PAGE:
There are new natural supplements coming out all the time that promise to get your arthritic Rover back up and running again. One such supplement is shark cartilage, a powder or liquid made from the deadly predator. Even though you want to try anything to help your dog, you should know the facts about how effective it is before you put Rover on a shark cartilage regimen.
Shark cartilage is supposed to alleviate pain and inflammation in your dog's joints from arthritis, dysplasia and other painful conditions. Since Rover won't be in as much pain, his mobility is supposed to increase, too. Claims have also been made that shark cartilage stimulates the immune system and can inhibit blood vessel formation, leading some to hope that it can be used to treat or prevent cancer.
It's unclear how effective shark cartilage is for the treatment of both joint problems and cancer in dogs. According to Shawn Messonnier, DVM, in "The Natural Vet's Guide to Preventing and Treating Cancer in Dogs," some studies show questionable benefits while others show no benefits at all. The University of Utah states there is no evidence that shark cartilage is beneficial for any medical condition.
Expensive Treatment for Big Dogs
In his 2010 book "Natural Health Bible for Dogs and Cats," Messonnier acknowledges that daily doses of 750 mg of shark cartilage per pound of body weight over three weeks improved mobility and decreased pain and swelling for some arthritic dogs participating in a study. However, shark cartilage is one of the more expensive supplements on the market, and plying a medium to large dog with big doses of shark cartilage commands a high price. Glucosamine and chondroitin supplements are less expensive, so vets typically recommend them first.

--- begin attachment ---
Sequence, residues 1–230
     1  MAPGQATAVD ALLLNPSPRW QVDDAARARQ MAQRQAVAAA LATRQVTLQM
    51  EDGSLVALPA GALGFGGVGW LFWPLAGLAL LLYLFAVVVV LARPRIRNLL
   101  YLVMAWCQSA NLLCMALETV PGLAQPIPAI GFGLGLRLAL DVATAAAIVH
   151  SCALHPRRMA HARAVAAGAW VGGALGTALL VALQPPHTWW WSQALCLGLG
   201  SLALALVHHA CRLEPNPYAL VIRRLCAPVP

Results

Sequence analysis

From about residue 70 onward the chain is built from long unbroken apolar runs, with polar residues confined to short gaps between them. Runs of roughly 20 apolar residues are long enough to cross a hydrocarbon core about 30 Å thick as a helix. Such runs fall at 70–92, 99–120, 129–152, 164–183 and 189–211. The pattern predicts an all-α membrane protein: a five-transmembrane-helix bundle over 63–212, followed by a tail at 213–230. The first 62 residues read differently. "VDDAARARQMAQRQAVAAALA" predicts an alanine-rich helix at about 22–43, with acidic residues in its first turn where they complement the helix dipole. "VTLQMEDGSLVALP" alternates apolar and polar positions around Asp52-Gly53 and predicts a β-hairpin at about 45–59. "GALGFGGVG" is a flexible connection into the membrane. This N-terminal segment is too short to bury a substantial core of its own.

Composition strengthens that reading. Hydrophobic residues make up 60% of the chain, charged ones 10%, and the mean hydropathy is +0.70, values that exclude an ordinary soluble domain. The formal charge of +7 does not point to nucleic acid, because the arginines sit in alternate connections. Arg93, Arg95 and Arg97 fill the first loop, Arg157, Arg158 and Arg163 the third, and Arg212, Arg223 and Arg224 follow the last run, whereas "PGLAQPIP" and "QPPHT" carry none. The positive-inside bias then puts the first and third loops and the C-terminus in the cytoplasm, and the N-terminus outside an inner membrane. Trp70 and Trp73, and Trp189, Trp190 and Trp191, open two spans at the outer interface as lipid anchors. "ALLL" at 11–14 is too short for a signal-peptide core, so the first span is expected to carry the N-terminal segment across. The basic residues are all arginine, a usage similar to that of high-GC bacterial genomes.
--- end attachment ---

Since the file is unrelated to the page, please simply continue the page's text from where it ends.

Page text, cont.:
You should always consult an experienced veterinarian regarding the health and treatment of your dog, especially before administering any type of supplement or medication. While shark cartilage may help some dogs and is readily available, it's a dietary supplement, not as a pharmaceutical. As with any nutritional supplement there is a concern about inconsistent purity levels in different brands because supplements are not subject to guidelines as strict as medications are.
- The Natural Vet's Guide to Preventing and Treating Cancer in Dogs; Shawn Messonnier
- Northern-Seas: FAQ's
- University of Illinois at Urbana-Champagne: Arthritis in Dogs and Cats
- Colorado State University: Osteoarthritis
- Vanderbilt University: All About Shark Cartilage
- University of Utah Health Care: Shark Cartilage
- Johns Hopkins Magazine: Predators Promise
- Natural Health Bible for Dogs & Cats; Shawn Messonnier, D.V.M.
Elle Di Jensen has been a writer and editor since 1990. She began working in the fitness industry in 1987, and her experience includes editing and publishing a workout manual. She has an extended family of pets, including special needs animals. Jensen attended Idaho and Boise State Universities. Her work has appeared in various print and online publications.